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We reported yesterday that the US Department of Agriculture (USDA) has given interim approval Friday to a controversial proposal to allow 38 nonorganic ingredients to be used in foods carrying the ‘USDA Organic’ seal.

I continue to feel that this is an absurd position. Organic is organic. And now, these so-called organic products that carry non-organic ingredients will not be organic, and the companies that produce them will be guilty of government-sanctioned false advertising.

One MNB user wrote:

Your view on the organic ingredient issue is short of realistic. There are some ingredients that make a big difference in the final taste, cost and acceptability of a manufactured organic food product that are very small percentages of the total weight (5% or less is small) but they lend themselves to making the final product edible. The definition of organic can be so narrow sometimes that including some naturally occurring products and allowing them to be defined as organic is not a bad thing. Ask any trained scientist (as I have) and they will tell you most things the USDA is allowing as organic are truly considered products from nature and technically organic (realistically).

MNB user Mary C. Mulry Ph.D. wrote:

The law has always allowed non-organic products in organic foods up to a level of 5% to allow development of foods, where organic alternatives are not present. If you read the list, most are natural colorings, starches, etc that are not available in organic form.

In fact, this regulation tightens the list and replaces the prior practice of allowing certifiers to make the determination. Our so-called friends at the Organic Consumers Association and the Cornucopia Institute are continuing to fuel the fire that big companies are running organic and continue to use scare tactics and only tell half the story (at best).

As a former Board member of the Organic Trade Association, I can assure you that this regulation just codifies and tightens what has always been the case since the passage of the Rule in 2002. There is no denigration of what the word organic means here.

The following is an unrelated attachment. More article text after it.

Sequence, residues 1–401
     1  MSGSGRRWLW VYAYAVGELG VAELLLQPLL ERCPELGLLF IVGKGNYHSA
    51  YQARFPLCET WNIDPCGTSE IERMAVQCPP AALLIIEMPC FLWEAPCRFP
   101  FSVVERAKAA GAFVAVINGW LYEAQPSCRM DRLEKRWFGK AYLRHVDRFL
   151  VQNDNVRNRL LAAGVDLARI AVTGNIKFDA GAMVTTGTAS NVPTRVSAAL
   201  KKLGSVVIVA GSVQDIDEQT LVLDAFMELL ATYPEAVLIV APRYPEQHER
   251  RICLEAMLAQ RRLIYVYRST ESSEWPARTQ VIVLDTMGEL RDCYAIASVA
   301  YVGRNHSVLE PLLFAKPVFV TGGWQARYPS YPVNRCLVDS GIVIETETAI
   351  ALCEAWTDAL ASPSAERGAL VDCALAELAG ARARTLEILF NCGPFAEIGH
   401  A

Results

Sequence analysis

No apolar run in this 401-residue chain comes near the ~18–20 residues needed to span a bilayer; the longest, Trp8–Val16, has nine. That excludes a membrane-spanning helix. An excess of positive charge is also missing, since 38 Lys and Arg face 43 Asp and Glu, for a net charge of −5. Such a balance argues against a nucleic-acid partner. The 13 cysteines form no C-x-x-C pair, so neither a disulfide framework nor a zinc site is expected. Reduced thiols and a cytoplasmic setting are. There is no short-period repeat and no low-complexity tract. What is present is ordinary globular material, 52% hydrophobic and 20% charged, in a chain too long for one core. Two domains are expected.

I understand the issue.

Let me pose the question a different way.

Would it be acceptable to allow kosher foods to have non-kosher ingredients as long as it was below a certain threshold? Or for a vegetarian entrée in a restaurant or supermarket to have just a teeny, tiny bit of meat? Or to give someone with a peanut allergy a product with just a little bit of peanut oil?

Of course not.

Why don’t people who want organic foods deserve the same sort of honest, ethical approach to labeling?

MNB user Lisa Malmarowski agreed with me:

I agree with you KC - if it's organic, then it's organic. If you can't find the ingredients you need, then you change the label to be TRUTHFUL. So, we'll do our part to inform our shoppers that the products that say they're organic, may not be 'really' organic. Just sort of. Good thing we focus a lot on getting people to eat unprocessed foods. At least there's some comfort in being able to know where your food comes from.

MNB user Angie Dahman wrote:

Ahhhh….our government at work again…But they only have our best interests in hand when making this decision.

I am a buyer of organic because I do not want the pesticides, antibiotics, and growth hormones in my food and I pay a premium for this. My health and the health of my family is the utmost important thing as I can imagine is for the rest of the country and by allowing these non-organic items into foods and still calling them organic is quite misleading. The use of pesticides, growth hormones, and antibiotics have been directly linked to cancer. But I guess it will be legal now because the government says so.

If the USDA is going to allow this then it should be require companies to put clearly on their product that it will contain some non organic ingredients and let the public decide whether or not they want to purchase it. I really feel that the manufacturers who produce purely organic product for a healthier lifestyle will continue to do so and those just looking to jump on the "organic bandwagon" will cut corners to increase profits.

So I guess now we can just have a sprinkling of these pesticides, antibiotics, and growth hormones on our food-just as long as they don't exceed 5%.


MNB user Tom Kroupa wrote:

The new organic labeling ingredients is such a travesty to those of us who trust the organic label! You said that the USDA was now including these 38 ingredients under the aegis of "organic" because manufacturers were pressing them to do it. I am willing to bet that none or next to none of them are from the original organic start-up companies. The majority must be from corporations who got into organics after they saw how much money was to be made! Of course they have less of a concern about the health of consumers. And the bureaucrats at the USDA who made this decision are probably former food executives themselves or have close ties to the industry. Anybody who understands the organic consumer would never even consider doing this. Now that its done will we have new organic labels saying "does not contain any of the 38 ingredients because we hate the 38!"

SInce we have a 60-day window to complain to the USDA let's use this campaign slogan: “Its Not Too Late To Drop The 38!!”


Another MNB user wrote: